After all, employees can be held liable by the accidents caused by its employees who are under the influence. In addition, employers are responsible for maintaining a safe environment for employees, who could be at risk if a co-worker is conducting hazardous activities under the influence. Despite these legitimate business concerns, the right to privacy is a fundamental and protected right, and there are limited scenarios in which an employer can legally drug test employees.
- Federal Regulations – Because it is deemed to be in the public interest, Federal laws require random drug testing programs for jobs that serve certain public security and safety functions. This may extend to California residents who work for federal agencies, such as the Department of Transportation, the Federal Aviation Administration, and the Federal Railroad Administration. For example, air traffic controllers and airplane pilots are subjected to random drug testing.
- Employers With State Contracts or Grants – The California Government Code 8355 requires that any employer that has a contract with, or grant from, the state must provide a “drug-free workplace.”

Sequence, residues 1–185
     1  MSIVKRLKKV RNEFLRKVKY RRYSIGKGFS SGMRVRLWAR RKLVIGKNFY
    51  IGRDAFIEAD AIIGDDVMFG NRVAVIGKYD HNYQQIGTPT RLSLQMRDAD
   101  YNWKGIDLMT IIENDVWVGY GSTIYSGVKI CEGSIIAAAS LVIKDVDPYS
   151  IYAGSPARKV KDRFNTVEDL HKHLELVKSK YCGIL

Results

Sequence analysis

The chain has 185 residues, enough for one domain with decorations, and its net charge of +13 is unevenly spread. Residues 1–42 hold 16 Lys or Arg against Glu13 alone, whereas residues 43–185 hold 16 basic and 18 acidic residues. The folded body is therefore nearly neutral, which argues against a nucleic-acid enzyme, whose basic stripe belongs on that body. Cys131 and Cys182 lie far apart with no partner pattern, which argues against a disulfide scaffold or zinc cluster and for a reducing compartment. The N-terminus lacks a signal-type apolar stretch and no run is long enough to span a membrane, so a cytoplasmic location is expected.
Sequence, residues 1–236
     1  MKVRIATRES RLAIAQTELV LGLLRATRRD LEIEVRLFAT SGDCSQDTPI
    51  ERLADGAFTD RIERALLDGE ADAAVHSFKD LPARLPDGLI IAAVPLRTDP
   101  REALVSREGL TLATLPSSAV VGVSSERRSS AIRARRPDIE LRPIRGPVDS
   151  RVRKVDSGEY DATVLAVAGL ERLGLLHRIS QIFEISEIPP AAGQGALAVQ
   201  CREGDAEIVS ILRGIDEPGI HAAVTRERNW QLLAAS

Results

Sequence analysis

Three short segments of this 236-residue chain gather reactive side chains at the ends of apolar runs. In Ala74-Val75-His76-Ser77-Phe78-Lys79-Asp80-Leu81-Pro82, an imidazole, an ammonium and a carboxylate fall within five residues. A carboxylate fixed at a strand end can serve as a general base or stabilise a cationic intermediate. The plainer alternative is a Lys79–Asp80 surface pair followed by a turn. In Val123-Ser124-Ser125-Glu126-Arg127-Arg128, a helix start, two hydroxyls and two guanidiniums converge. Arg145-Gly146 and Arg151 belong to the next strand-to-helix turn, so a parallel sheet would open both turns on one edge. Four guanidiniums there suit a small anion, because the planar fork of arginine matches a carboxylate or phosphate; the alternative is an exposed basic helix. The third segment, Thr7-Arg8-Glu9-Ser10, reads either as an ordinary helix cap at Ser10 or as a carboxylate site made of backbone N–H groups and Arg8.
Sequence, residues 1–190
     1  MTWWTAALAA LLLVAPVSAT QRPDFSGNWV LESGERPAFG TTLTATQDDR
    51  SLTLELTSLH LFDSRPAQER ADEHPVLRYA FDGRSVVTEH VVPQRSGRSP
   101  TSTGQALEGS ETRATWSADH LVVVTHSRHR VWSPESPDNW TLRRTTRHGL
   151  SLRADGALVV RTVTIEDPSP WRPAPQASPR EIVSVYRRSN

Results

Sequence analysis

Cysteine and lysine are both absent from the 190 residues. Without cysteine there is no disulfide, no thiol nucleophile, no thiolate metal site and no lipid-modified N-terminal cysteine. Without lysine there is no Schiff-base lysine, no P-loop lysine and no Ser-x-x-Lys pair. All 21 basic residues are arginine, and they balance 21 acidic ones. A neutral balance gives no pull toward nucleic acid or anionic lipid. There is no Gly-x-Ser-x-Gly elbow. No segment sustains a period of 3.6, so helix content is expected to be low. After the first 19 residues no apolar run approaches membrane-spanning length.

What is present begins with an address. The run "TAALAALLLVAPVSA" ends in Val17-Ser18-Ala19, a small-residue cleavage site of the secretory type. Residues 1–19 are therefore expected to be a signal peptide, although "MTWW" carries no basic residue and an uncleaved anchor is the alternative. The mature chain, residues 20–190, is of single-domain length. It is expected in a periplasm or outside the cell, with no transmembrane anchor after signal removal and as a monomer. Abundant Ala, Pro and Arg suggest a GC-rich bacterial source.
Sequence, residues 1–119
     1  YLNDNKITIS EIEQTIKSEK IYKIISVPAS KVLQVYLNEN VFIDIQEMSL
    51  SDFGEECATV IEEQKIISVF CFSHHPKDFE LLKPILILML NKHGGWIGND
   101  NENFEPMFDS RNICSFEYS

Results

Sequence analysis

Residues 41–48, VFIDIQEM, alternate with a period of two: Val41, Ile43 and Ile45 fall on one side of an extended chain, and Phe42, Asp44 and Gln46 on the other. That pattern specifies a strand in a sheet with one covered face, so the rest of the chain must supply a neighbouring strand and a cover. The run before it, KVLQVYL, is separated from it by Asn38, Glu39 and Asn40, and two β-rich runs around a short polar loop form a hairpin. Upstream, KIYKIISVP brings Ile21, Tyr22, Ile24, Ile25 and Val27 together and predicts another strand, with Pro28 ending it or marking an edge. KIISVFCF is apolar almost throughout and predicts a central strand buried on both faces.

- Random Drug Testing – California employers are generally prohibited from asking employees to submit to random drug testing. This is because employers were administering “suspicionless” testing, which courts have determined to be a violation of privacy rights. The exception to this may be positions that are “safety sensitive” and that performing those jobs under the influence would create an imminent safety or health threat. This is a high burden for an employer to meet, and is relatively untested in the courts.
- Drug Testing Cannot Be Discriminatory – Courts have determined that California employers may drug test employees, if it is not done so in a discriminatory manner. Instead, as probable cause is the only permissible basis to overcome a person’s privacy rights, the law in California permits drug testing on the basis of a “reasonable suspicion” that the employee is abusing drugs. This request must be based on “objective facts” and “rational inferences”.
Protect Your Legal Rights
If your employer is asking you to submit to random drug testing, or if you believe that you are being singled out for a drug test, you should consult with an attorney. You have a right to privacy, and there are limited circumstances in which your employer can ask you for one. The attorneys at Moss Bollinger have spent years standing up to employers and may be able to help you. If we accept your case, we work on a contingency basis and we collect nothing up front. Call Moss Bollinger at (866) 535-2994 to schedule an appointment or contact us online.